United States District Court, D. New Jersey
EMMETT F. TAYLOR, Plaintiff,
THE STATE OF NEW JERSEY, THE OFFICE OF THE CAMDEN COUNTY PROSECUTOR, and THE OFFICE OF THE CAMDEN COUNTY PUBLIC DEFENDER, Defendants.
F. TAYLOR Appearing pro se
L. HILLMAN, U.S.D.J.
2, 2018, Plaintiff, Emmett F. Taylor, appearing pro se and in
forma pauperis,  filed a complaint against Defendants, the
State of New Jersey, the Office of the Camden County
Prosecutor, and the Office of the Camden County Public
Defender. After screening the Complaint pursuant to 28 U.S.C.
§ 1915,  the Court construed the claim as one made
pursuant to 42 U.S.C. § 1983 alleging a civil rights
claim against state and county defendants for violations of
the federal constitution. The Court's September 11, 2018
Memorandum Opinion and Order found that Plaintiff's
complaint was deficient, however, because the State of New
Jersey, the Camden County Prosecutor's Office, and the
Camden County Public Defender's Office are not
“persons” who can act under color of state law
under § 1983 and are not therefore proper defendants in
federal court in a case alleging violations of the federal
Court also scrutinized the complaint for any other cognizable
claims and noted that while it contained an assertion of
“gross negligence, ” Plaintiff failed to set
forth the basis for the Court's jurisdiction over such a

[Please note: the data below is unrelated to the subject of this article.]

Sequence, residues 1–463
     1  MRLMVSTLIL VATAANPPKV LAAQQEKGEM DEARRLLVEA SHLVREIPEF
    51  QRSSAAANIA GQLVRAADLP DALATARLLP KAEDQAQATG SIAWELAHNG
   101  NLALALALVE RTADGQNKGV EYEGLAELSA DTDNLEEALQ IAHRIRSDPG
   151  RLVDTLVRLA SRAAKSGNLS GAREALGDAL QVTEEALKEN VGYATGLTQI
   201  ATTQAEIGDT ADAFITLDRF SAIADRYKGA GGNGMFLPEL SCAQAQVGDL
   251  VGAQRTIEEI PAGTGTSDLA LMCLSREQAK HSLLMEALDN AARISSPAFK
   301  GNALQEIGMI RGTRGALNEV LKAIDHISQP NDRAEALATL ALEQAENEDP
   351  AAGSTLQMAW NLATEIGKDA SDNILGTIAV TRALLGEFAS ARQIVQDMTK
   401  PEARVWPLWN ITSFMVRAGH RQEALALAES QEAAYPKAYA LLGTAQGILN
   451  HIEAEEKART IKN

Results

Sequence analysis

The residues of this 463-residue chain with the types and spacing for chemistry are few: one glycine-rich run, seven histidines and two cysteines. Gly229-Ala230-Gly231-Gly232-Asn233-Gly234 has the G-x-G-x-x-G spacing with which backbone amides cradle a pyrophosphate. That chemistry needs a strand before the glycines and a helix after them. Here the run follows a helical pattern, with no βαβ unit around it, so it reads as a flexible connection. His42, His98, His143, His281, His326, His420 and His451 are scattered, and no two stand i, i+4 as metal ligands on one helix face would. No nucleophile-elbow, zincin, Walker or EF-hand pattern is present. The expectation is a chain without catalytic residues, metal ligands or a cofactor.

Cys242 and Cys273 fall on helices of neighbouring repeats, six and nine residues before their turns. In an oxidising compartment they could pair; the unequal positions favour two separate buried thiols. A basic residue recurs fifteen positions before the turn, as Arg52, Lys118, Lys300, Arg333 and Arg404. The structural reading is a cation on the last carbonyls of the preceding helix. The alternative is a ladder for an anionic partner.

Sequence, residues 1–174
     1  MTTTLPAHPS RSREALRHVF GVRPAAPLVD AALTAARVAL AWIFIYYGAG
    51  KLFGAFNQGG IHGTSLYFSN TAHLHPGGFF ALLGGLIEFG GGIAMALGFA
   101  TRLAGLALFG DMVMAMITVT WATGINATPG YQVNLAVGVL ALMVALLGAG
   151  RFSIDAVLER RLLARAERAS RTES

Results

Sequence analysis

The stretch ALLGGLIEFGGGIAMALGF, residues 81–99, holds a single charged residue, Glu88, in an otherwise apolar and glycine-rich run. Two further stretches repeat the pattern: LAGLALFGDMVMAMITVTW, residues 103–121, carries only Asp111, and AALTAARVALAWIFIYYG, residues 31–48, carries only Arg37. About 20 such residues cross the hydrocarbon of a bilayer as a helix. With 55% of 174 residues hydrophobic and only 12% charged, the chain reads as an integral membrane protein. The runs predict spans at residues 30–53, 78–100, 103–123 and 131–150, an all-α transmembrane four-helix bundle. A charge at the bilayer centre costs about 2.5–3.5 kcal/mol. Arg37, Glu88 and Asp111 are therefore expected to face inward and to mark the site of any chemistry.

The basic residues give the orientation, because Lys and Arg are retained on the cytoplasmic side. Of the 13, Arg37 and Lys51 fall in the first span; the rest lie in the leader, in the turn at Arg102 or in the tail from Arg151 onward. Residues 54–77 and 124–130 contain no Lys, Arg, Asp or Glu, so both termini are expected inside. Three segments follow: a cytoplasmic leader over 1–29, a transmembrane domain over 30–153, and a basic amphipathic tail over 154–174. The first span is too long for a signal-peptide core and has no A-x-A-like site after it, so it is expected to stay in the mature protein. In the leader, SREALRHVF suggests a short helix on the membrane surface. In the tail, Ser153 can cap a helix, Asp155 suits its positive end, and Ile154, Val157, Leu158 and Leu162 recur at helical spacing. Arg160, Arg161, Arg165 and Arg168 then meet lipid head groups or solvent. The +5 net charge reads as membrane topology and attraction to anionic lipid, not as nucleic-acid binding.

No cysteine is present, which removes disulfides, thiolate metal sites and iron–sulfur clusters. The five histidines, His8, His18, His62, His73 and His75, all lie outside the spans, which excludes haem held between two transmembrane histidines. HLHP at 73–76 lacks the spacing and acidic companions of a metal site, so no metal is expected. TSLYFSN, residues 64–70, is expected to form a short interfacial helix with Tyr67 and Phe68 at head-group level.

claim against the named defendants. (Docket No. 2.)
Court provided Plaintiff with twenty days to amend his
complaint to properly cure the deficiencies, but ordered that
if Plaintiff failed to do so, the case would be dismissed for
lack of subject matter jurisdiction. See
Fed.R.Civ.P. 12(h)(3). On October 9, 2018, the Court
dismissed Plaintiff's complaint because he had not filed
an amended complaint, which was due on October 1, 2018.
(Docket No. 3.)
October 19, 2018, Plaintiff filed a letter (Docket No. 4),
which the Court will construe as Plaintiff's request that
the Court reconsider the October 9, 2018 Order dismissing his
case. In Plaintiff's letter, Plaintiff asks
for this Court's guidance on how to properly allege
subject matter jurisdiction and how to assert viable claims.
Third Circuit has explained that pro se litigants are
afforded greater leeway in the interpretation of their